Annahi performing a dressage demonstration

When I first heard this song by Marie-Lynn Hammond, I found there was so many things I could relate to that I contacted her to let her know how much I enjoyed the song. I have had my very own chestnut mare for 13 years now - and enjoyed every minute of it.

I would say that some of the myths about chestnut mares do hold true for Annahi. She is sensitive-skinned like they say. In fact, she is sensitive all around, and you can probably identify that through the fine muzzle and face that she has. But once I recognized that she is  a "princess" in every sense of the term, and requires the dues that all dignitaries receive, we've been on the right track and never looked back. Over the years, she has taught me so much, and has given as much as any horse should and even more! 

Other "chestnut mare" myths did not match any of my experiences with Annahi. She isn't "marish" like they say chestnut mares are. Although she did challenge me to improve myself fairly quickly over the first two years, she settled into becoming the horse that you can trust your life to. This is the horse that can go bridleless at all gaits including canter to halt, or for a full-out gallop (WITH bridle this time!) in the "back 40" among a herd of loose running horses without a thought to your own safety.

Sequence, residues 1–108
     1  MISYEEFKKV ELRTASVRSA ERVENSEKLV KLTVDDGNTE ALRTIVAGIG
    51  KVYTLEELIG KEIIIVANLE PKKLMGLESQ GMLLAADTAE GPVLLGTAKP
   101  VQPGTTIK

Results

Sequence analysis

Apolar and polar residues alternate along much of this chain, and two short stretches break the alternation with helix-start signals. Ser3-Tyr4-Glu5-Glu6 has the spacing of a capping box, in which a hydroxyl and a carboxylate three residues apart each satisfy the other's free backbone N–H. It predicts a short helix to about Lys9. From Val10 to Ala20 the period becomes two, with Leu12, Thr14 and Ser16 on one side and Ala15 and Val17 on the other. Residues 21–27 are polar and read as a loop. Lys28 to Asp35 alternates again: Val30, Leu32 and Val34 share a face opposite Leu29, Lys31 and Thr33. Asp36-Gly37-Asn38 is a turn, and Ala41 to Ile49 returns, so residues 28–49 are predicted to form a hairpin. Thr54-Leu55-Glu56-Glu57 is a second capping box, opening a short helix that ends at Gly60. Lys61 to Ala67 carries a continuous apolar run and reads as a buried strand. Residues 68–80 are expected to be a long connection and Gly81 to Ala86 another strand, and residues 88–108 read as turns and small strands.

In any conversation that disrespects chestnut horses (mare or otherwise), you will find me bristle at the suggestion that they are unworthy. My experience dictates otherwise - it's up to the horse owner/rider to reach out to that sensitivity and learn to listen!

So here is the song. I was excited to find out that Marie-Lynn kindly used one of my photos for the music video - we are at the very, very end. Enjoy!

http://www.youtube.com/watch?v=VPbda4wCDbI

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4 Comments

  1. Thanks so much for posting this! This song is very much about a real little chestnut mare named Penny, a Quarter Horse – Trakehner cross, who has mellowed out somewhat now that she’s 18. But she did everything in the song and more (both good and bad!) when she first came into my life. Of course there are many, many chestnut mares out there that don’t fit the stereotype. 🙂

    I’m still learning about how to put videos like this together — and it’s a challenge when you don’t want to simply “borrow” pics off websites w/o permission. But there will be more coming as I’ve got 10 more original horse songs either recorded or in the works for a new CD, including one about dressage called “Flying Changes.” Stay tuned!

  2. I have a chestnut gelding who is every bit the red head, and I wouldn’t change him one bit! Of course, so am I so it seems to work for us….we “get” each other 🙂

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